Picking a Puppy
Puppies go through several stages as they grow. If you are at a breeder's house and deciding which puppy to take, below are some great steps to follow from Wikihow.
Shibas typically live to 15+ years, so make an educated decision for you and your family. Also, read our section on health to determine whether your puppy's parents are healthy and stable.
Ask the breeders to view health clearances and meet the parents of the puppies. The sire of the litter may not be available if he is from another kennel or semen is shipped from a distance.
Since Shibas are independent, they need a lot of handling and socialization as puppies. Make sure the puppies are very comfortable with you handling them.
Learn all you can about the different temperaments puppies can have.
In general, puppies are classified as responsive, nervous, aggressive or independent.
A responsive puppy is adaptable and bonds well with humans, which makes it a good choice for a first-time dog owner.
A nervous or shy puppy is unpredictable, and not a good choice for families with children or other busy households.
An aggressive puppy is dominant, sometimes unpredictable and does best in a household without children or other pets.
An independent puppy is stubborn and best suited to an outdoor lifestyle.
A nervous dog is stiff to the touch, his eyes are wide open with fear, he's scared and runs away, and won't eat. When performing the leash test, he won't move.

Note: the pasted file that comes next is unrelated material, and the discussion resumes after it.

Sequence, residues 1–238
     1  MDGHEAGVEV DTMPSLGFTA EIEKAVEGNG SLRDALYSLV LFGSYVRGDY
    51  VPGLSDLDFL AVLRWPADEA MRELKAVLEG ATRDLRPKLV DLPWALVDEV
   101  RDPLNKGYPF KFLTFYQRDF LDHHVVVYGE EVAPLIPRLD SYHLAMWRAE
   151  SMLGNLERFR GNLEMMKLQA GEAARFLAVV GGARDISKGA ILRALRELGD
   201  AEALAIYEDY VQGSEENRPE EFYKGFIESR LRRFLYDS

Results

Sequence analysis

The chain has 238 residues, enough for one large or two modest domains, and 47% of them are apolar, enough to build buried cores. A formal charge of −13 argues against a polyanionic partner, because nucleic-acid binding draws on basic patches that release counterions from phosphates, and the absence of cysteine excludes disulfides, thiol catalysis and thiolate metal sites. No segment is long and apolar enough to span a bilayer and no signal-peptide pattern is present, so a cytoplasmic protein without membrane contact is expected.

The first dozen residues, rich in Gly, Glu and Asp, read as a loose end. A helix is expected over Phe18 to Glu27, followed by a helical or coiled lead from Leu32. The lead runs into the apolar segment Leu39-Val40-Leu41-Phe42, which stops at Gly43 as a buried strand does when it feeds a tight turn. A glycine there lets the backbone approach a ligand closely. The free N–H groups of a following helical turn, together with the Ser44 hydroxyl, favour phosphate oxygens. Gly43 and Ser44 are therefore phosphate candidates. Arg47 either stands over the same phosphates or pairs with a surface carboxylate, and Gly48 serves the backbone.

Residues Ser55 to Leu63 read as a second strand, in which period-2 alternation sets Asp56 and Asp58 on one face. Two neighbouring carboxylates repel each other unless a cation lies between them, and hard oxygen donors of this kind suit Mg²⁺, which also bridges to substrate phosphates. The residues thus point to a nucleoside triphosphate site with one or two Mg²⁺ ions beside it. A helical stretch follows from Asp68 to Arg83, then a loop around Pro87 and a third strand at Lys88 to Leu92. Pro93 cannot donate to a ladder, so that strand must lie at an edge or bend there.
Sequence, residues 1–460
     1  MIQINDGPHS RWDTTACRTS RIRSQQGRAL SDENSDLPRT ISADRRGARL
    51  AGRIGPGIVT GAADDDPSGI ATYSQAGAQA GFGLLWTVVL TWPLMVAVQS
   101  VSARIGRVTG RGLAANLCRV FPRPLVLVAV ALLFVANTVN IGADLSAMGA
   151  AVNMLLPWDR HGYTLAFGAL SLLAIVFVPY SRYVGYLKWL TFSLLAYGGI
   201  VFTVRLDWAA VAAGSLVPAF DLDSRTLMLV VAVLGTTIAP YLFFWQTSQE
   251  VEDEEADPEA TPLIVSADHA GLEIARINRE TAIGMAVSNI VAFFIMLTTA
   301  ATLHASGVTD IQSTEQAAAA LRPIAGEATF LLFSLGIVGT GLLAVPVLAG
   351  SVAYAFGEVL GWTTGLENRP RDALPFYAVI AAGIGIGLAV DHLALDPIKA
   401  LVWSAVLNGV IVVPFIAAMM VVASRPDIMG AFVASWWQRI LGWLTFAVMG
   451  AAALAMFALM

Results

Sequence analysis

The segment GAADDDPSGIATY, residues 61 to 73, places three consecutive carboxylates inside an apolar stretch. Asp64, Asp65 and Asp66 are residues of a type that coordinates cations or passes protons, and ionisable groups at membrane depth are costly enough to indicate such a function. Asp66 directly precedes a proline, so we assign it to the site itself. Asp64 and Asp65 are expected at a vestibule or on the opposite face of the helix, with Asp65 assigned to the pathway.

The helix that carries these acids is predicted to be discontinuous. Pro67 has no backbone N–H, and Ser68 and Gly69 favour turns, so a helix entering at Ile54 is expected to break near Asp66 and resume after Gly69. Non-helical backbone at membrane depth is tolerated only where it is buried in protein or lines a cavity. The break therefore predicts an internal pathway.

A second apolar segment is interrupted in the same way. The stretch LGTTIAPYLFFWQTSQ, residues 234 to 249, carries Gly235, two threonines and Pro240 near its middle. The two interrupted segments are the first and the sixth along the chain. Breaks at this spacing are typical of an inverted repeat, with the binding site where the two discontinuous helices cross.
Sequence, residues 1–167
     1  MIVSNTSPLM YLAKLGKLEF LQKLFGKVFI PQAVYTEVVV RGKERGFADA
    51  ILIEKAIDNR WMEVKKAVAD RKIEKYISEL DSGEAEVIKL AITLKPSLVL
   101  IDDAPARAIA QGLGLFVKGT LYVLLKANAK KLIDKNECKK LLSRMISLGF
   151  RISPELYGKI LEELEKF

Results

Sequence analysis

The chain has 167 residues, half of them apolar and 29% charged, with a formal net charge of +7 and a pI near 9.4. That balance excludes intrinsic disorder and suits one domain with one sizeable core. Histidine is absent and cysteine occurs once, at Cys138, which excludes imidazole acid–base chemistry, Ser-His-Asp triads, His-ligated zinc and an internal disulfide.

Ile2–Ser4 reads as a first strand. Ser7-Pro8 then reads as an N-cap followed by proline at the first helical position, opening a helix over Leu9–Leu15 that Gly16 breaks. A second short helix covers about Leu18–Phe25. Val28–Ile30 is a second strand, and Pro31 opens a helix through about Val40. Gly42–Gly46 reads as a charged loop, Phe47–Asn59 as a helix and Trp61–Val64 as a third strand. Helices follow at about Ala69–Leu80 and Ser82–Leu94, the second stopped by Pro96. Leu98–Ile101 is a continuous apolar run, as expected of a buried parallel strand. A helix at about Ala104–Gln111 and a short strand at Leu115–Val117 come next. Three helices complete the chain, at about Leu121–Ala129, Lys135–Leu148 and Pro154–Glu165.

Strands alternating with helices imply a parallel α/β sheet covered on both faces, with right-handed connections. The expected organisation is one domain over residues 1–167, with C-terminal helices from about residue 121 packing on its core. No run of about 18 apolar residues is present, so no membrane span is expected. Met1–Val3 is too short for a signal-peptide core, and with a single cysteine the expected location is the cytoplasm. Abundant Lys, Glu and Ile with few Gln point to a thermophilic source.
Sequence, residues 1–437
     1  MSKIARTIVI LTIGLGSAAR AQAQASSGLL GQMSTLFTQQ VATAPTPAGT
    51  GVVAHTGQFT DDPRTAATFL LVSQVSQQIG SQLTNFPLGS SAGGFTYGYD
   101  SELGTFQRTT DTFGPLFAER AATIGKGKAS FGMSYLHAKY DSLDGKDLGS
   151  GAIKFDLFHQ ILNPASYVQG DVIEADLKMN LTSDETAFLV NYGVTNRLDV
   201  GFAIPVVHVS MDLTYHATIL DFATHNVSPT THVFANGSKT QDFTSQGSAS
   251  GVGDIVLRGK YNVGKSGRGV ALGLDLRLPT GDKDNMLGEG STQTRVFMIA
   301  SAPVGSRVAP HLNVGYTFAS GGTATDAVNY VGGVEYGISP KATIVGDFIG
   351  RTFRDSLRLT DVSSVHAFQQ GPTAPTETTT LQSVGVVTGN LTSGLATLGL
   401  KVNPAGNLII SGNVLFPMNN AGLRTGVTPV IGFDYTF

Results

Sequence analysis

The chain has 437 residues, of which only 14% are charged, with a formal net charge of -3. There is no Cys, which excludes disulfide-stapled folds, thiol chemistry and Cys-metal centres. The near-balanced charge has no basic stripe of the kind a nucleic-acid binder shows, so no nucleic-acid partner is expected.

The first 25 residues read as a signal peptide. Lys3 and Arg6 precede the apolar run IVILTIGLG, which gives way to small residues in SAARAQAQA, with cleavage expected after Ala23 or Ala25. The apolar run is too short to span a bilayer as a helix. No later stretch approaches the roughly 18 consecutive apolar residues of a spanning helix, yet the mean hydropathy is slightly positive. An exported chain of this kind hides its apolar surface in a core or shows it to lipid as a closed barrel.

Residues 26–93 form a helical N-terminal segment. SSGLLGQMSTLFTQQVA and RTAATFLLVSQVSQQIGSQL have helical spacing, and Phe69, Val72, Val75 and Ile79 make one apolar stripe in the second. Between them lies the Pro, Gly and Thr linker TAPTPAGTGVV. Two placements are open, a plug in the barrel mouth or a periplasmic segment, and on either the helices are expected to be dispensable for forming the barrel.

An aggressive dog will resist your handling and petting, will growl and bite your hand or the leash, and bark and lunge at everything.
An independent puppy isn't interested in you at all and wants to explore things on his own.
Take the puppy you want to test to a quiet, neutral place with no other dogs or other distractions.
Stroke the puppy from head to tail and lift up his feet, tail and ears. Evaluate how he reacts to your handling, and whether he enjoys it.
Pick him up, or roll him onto his back. Put your hand over his throat. See how he reacts, and whether he's scared or resists.
Make a number of different noises with your voice, from high to low. Whistle, and rattle a chain or your keys.
Put a soft collar and a leash on him. Give him a few minutes to adjust, then try walking a couple of steps and see if he will walk with you.
Take the puppy outside if the breeder or owner allows it. See how he reacts to other people and animals.
Feed the puppy once you're inside again. If he wants to eat, allow him to do so, then take the bowl away again after a few bites.
Keep in mind that a responsive puppy will be accepting of your handling, curious, and keep looking at you and wagging its tail.
Choose your puppy by temperament based on his reactions to the steps outlined above.
Remember, a responsive puppy is always interested in what you do and doesn't challenge you, unless it's to play.
Nervous and aggressive dogs require an experienced dog owner and a lot of attention to keep them in line, while an independent dog is best suited to be a working dog such as a guard dog, sheep dog, or hunting dog.